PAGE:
The Family and Medical Leave Act is the first and only federal law that addresses the balance between jobs and family that workers in Wisconsin and across the U.S. must maintain. The 12 weeks of unpaid leave guaranteed by the act has been used more than 200 million times since being passed. Reasons for taking leave vary, including recovering from a serious illness, caring for a loved one who is ill or receiving maternity or paternity leave.
Wisconsin workplace pregnancy discrimination laws have the potential to be effected by a case that is headed for the U.S. Supreme Court. A woman's lawsuit against UPS for placing her on unpaid leave instead of putting her on light duty during her pregnancy will be heard by the court, according to reports.
In Wisconsin, it is illegal to fire or withhold benefits from an employee due to a pregnancy. The federal Pregnancy Discrimination Act also forbids an employer from discriminating against a pregnant employee in regards to pay, job assignments or training opportunities. If an employee is unable to perform job duties temporarily due to a pregnancy, the employer is obligated to treat that employee like any other temporarily disabled employee.
Wisconsin employers and employees may want to note that 14 different jurisdictions in the United States now have requirements that specifically address accommodations that must be made in the workplace for pregnant workers. Some of the requirements are at the local level, and others cover all employers in the state. Some requirements are imposed on employers with as few as one employee, and others put requirements on employers with a larger number of workers.
2013 signified the twenty-year anniversary of the Family and Medical Leave Act in the United States. The Family and Medical Leave Act (FMLA) of 1993 mandates that covered employers offer as many as 12 weeks of unpaid leave without jeopardizing the job status of eligible employees for various family and individual medical situations. These medical situations include pregnancy and care for a newborn, placement with the employee of a child for adoption or foster care, care for an immediate family member with a serious health condition and the employee's own serious health condition. Passing the law in 1993 was a victory for many who wanted to protect the welfare of American families. Wisconsin families and individuals continue the effort to provide job security in a time of need; 2014 may mark a new milestone for the law if Congress takes action.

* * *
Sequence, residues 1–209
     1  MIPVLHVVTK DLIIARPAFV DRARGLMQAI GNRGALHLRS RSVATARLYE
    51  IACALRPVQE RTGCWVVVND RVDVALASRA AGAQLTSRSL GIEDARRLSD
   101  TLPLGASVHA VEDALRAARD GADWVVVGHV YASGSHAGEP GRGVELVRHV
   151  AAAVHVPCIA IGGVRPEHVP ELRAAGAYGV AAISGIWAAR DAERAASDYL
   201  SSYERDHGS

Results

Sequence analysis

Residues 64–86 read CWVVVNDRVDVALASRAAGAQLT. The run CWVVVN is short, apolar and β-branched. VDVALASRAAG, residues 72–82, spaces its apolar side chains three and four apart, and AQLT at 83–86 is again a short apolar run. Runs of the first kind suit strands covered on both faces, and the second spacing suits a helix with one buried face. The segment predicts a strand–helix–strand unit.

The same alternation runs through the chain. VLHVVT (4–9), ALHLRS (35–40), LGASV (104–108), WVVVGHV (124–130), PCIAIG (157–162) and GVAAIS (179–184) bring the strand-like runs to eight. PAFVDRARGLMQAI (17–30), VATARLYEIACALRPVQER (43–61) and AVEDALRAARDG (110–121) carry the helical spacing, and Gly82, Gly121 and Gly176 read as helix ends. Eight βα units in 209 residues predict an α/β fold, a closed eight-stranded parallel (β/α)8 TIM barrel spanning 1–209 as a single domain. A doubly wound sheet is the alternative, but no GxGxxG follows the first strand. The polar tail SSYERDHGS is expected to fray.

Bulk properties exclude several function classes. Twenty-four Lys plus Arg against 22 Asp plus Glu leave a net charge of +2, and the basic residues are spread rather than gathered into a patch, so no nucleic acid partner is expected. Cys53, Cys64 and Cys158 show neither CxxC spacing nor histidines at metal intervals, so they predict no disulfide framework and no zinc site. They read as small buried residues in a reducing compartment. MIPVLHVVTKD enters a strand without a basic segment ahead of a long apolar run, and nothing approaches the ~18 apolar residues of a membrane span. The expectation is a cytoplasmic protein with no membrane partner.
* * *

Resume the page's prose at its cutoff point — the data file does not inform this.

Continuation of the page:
A major corporation has been accused of gender discrimination under basic FMLA laws. In Wisconsin and elsewhere, the Family and Medical Leave Act applies to all public agencies, all public and private elementary and secondary schools, and companies with 50 or more employees. Recently, a CNN journalist has accused Time Warner of committing FMLA-related gender discrimination.
Many employers violate the Family Medical Leave Act. No employee should fear for their job after going on extended leave. The Wisconsin Family and Medical Leave Act mandates that covered employers offer as many as eight weeks of unpaid leave without jeopardizing the job status of eligible employees for various family and individual medical situations. Recently, Senator Kirsten Gillibrand (D-N.Y.) has planned to propose new legislation that will amend the FMLA to ensure that employees ' family and medical leave rights are better preserved.
In this day and age, it is hard to believe that there are still businesses and companies that think it is appropriate to discriminate against pregnant women. Sadly, there are, as evidence by a recent case in which a Milwaukee medical-staffing agency had to pay a $148,000 fine to resolve a pregnancy discrimination lawsuit.
Over the last two posts we have discussed taking time under the Family Medical Leave Act for maternity leave and how to approach and inform your employer of your leave when the time comes. In this post we will finish up that conversation. Last time, we left off on the use of vacation or sick days to expand your unpaid leave time.
Last time, we partly discussed how to inform your boss about your maternity leave time under the Family Medical Leave Act. Under the Family Medical Leave Act, eligible employees may take up to 12 weeks of unpaid time for maternity leave and the law also guarantees the return of your position or a similar position after the completion of your leave. In this post, we will continue to talk about how to inform your employer of your maternity leave.